Fundamental Concepts of Sequence Stratigraphy
Published:January 01, 1999
The objective of this chapter is to introduce the fundamental concepts of sequence stratigraphy. These fundamental concepts comprise the basic factors and processes that control basin-fill patterns. We will define depositional sequences, discuss how they form, and in the process review a number of variations and problems that have been the subject of recent debate. It is essential to understand these factors and processes as well as the implications of the debates concerning various definitions in order to 1) effectively apply these concepts to specific geologic settings, and 2) to gain a deeper appreciation of the significance of the key contentious issues in this discipline. We propose a number of modifications to the sequence stratigraphic concepts. These include 1) elimination of type 1, type 2 sequence nomenclature, replacing it with a single sequence boundary type, 2) identification of shelf ridges as a potentially significant component of transgressive systems tracts, and 3) recognition that incised valleys in some instances can be restricted to outer-shelf and inner-shelf coastal-prism settings, with the unincised lowstand feeder systems referred to as lowstand bypass channel systems. These and other modifications are refinements of the sequence stratigraphic approach that have come to light as a result of extensive application of these concepts. emphasis placed on unraveling the cause-and-effect relationships between these factors and resultant stratigraphy. In addition, sequence stratigraphy has sought to better understand the linkage between coeval sedimentary systems in different depositional settings. Consequently, the effect of such factors as changes of sea level and sediment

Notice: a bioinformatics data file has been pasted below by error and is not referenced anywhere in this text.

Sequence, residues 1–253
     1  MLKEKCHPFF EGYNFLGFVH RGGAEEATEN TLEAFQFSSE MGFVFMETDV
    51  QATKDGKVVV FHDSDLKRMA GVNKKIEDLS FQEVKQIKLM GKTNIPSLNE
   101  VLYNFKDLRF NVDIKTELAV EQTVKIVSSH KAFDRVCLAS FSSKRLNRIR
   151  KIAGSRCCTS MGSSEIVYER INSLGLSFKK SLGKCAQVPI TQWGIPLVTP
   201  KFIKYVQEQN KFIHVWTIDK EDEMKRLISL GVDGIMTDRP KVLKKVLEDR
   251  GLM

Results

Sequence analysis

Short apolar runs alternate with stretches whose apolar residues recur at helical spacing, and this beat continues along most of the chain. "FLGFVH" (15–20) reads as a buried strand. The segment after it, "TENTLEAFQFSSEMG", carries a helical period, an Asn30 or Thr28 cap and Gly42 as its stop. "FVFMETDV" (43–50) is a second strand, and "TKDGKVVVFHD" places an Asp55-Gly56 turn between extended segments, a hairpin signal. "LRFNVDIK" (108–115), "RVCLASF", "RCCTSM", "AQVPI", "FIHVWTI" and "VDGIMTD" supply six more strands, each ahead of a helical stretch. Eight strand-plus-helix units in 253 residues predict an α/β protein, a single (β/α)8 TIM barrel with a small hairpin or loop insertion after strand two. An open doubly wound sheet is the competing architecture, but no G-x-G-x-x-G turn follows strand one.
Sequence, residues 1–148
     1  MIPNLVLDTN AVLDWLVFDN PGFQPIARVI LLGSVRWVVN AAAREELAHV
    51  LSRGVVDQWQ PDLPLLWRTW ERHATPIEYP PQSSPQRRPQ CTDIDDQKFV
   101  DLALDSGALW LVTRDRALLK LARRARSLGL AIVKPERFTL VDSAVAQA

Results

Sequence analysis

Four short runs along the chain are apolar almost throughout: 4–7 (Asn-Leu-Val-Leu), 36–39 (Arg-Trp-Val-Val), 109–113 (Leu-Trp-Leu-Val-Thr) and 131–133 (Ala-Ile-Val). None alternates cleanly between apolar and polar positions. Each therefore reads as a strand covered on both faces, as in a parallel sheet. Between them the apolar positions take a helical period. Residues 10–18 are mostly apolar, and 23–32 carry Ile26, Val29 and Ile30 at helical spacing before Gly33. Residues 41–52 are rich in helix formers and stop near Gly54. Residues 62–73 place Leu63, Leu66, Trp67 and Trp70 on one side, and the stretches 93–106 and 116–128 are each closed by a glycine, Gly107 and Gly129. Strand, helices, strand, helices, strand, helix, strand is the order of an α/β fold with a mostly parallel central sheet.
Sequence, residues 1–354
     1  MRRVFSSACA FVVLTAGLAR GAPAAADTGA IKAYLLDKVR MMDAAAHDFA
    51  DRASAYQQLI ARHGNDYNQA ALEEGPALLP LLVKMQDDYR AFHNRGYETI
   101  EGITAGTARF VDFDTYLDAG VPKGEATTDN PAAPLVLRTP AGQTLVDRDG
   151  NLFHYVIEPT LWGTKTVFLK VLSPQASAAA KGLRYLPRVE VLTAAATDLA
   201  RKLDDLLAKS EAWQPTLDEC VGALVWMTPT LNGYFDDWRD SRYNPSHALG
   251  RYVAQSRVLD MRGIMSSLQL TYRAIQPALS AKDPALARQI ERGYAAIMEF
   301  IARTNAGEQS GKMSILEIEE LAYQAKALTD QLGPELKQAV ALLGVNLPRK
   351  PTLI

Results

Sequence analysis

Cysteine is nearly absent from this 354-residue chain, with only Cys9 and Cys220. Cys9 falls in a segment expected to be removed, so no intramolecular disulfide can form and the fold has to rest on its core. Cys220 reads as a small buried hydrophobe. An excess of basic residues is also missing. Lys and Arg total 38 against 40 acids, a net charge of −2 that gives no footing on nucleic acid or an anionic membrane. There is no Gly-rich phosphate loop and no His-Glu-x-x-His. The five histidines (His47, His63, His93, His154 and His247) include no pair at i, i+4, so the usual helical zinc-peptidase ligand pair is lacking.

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Siliciclastic Sequence Stratigraphy—Concepts and Applications
Siliciclastic Sequence Stratigraphy-Concepts and Applications - Sequence stratigraphy has experienced a virtual explosion of applications in recent years. During that time, the concepts upon which sequence stratigraphy is based have been evolving to conform to new observations as well as new types of data. This volume summarizes the current status of this discipline as it applies to siliciclastic deposits. The emphasis in this volume is on sequence stratigraphy as an ?approach? to geological analysis, rather than as a model to which all data sets must conform. The expression of sequence architecture and the nature of bounding surfaces is illustrated through examples and applications drawn from a range of data types, including outcrop, core, wireline log, and 3-D seismic data. In addition, sequence expression also is illustrated using examples of modern landforms.